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Leica’s latest M camera blends the new with the old

The M10 features a pared-down design with new levels of image quality

Leica has officially announced the M10, the first fully new M series rangefinder camera to be released in four years. The M10, which will be available in limited quantities starting tomorrow, has a streamlined design and fewer overall features than its predecessor, the M240. At the same time, the M10 features an all-new image sensor, processor, and wireless connectivity, bringing it to parity in terms of image quality and modern features with Leica’s other cameras.

The M10 is Leica’s first interchangeable lens digital rangefinder to have the same, compact dimensions as its film cameras. It is not as deep or chunky as the M240, and is very similar in size and appearance to the M7 film camera. Though it is smaller than before, the M10 is roughly the same weight, thanks to its brass and magnesium construction. There’s a new, more matte finish that’s both modern and classic looking at the same time. The M10 lacks the "M" badging on the front, but the classic red Leica dot is exactly where it should be and there’s certainly no mistaking this for anything but a Leica M-series camera.


There are a handful of other external tweaks, as well. The rear button configuration has been simplified down to just three buttons on the left of the display and a four-way controller to the right. (The display is not a touchscreen.) On top, Leica has removed the button formerly used for video recording, as the M10 does not have any video features whatsoever. But it added a dedicated ISO dial on the left side, which provides access to ISO 100-6400, auto ISO, and a custom ISO mode without having to dive into the menu system.

On the inside, the M10 has a new, 24-megapixel full-frame CMOS sensor and Leica’s Maestro II image processor. The new chip can shoot ISOs from 100 to 50,000 — a far greater range than its predecessor could manage — and has improved dynamic range. Leica says that the image quality from this sensor is comparable to the quality from the Leica Q’s sensor from last year. The new image processor lets the camera shoot at five frames per second up to 30 DNG RAW files or 100 JPEG images at full resolution. The camera’s battery is smaller than the M240’s, to allow for the thinner frame, but Leica says it will still last for a few hundred frames per charge.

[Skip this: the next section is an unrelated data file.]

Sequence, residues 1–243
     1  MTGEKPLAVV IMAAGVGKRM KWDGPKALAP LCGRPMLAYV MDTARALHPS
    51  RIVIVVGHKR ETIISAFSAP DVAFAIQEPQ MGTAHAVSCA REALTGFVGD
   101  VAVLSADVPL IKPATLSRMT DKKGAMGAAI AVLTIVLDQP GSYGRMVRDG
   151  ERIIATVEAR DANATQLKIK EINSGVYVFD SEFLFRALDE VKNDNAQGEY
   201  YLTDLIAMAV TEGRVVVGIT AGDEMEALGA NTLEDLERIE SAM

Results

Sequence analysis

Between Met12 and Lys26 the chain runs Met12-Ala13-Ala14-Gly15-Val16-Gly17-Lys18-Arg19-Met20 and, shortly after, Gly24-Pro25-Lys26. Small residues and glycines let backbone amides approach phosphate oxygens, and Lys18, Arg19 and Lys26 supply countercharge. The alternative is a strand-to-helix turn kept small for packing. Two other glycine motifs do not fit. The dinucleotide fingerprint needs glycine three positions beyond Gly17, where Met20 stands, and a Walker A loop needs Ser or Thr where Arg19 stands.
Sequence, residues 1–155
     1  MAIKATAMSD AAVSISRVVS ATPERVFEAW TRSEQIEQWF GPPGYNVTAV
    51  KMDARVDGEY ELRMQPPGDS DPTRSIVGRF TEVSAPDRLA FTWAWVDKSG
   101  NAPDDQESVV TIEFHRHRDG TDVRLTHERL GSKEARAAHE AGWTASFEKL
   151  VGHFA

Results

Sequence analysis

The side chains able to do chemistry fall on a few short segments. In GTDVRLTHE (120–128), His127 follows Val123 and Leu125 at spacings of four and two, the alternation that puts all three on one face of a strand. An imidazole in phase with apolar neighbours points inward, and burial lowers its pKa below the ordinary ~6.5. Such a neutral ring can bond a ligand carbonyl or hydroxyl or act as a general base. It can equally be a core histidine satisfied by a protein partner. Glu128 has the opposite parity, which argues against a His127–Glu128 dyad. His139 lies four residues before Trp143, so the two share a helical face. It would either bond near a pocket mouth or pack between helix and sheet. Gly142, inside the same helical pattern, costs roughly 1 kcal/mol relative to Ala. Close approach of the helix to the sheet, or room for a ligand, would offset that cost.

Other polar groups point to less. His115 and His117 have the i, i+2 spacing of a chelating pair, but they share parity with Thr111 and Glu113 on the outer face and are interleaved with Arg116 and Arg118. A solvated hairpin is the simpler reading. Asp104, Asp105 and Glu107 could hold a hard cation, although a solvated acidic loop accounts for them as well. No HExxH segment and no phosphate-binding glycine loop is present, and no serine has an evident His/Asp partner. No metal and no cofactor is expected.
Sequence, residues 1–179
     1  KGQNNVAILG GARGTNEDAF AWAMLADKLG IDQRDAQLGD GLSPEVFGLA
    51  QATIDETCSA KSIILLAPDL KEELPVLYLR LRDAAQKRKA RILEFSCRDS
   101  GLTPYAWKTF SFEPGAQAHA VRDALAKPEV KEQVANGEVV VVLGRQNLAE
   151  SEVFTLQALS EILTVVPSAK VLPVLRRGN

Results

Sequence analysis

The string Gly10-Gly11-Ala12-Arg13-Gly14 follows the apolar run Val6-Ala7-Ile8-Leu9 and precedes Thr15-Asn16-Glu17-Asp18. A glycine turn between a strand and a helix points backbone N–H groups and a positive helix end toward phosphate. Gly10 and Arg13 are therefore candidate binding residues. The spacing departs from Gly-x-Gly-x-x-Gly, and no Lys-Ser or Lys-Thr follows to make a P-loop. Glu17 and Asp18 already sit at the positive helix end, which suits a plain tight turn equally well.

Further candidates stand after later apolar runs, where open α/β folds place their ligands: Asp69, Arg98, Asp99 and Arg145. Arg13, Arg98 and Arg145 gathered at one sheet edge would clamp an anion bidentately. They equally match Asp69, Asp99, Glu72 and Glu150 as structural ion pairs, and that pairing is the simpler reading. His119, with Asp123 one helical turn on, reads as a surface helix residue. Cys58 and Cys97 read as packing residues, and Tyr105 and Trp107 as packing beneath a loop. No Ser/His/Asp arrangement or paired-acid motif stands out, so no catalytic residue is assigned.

Leica says the new camera’s viewfinder offers a 30 percent larger field of view, with greater magnification and 50 percent improved eye relief for photographers that wear glasses. The company is also selling a first-party thumb grip for the first time, in addition to the usual suite of accessories, such as cases, holsters, and hand grips.

Further bringing the M10 up to speed with the rest of the photography world is its new built-in Wi-Fi connectivity. Paired with Leica’s app for iOS (an Android version is planned for later release), the M10 can be remotely controlled by a tablet or smartphone. Images captured by the M10 can be transferred to the mobile device, as well. It’s the first M-series camera with such connectivity on board, and is very similar to the Q in this respect.

I was able to spend about 48 hours with a preproduction version of the M10 and found that despite the updates and changes, the traditional M experience is maintained through and through. I appreciated the improved viewfinder and the simplified controls, including the new ISO dial, but overall, shooting with the M10 feels very much like shooting with any prior M series camera: it’s a slowed-down experience with a lot of manual focusing and manual exposure adjustments. And I suspect that’s exactly what Leica intended when it designed the camera.

Perhaps most appreciated is the jump in image quality, especially in low light. M cameras have always produced images with a specific look and feel, but have never been great at ISOs beyond 800 or 1600. The M10, on the other hand, can easily shoot at ISOs up to 8000 and beyond and still maintain tremendous image quality. (The extreme upper limits of the M10’s ISO range, 25,000 and 50,000, are perhaps best reserved for emergency use cases.) Any full-frame camera on the market today can shoot at those ISOs, but it’s nice to be able to pair them with Leica’s legacy of lenses and the M shooting experience for the first time.

Leica says that it had the freedom to "bring the M back to what it stands for" thanks to the other cameras in its lineup, such as the SL, that satisfy the needs of video recording and other disciplines. By removing video recording from the M10 and simplifying its controls and feature set, Leica is speaking directly to the M aficionados that want as pure of a shooting experience as possible.

And, unsurprisingly, aficionados are the ones that will be most interested in this built-by-hand camera, which will sell for the same $6,495 as the M240 sold for at its launch. When it comes to Leica M cameras, some things never change.

Product photography by James Bareham.

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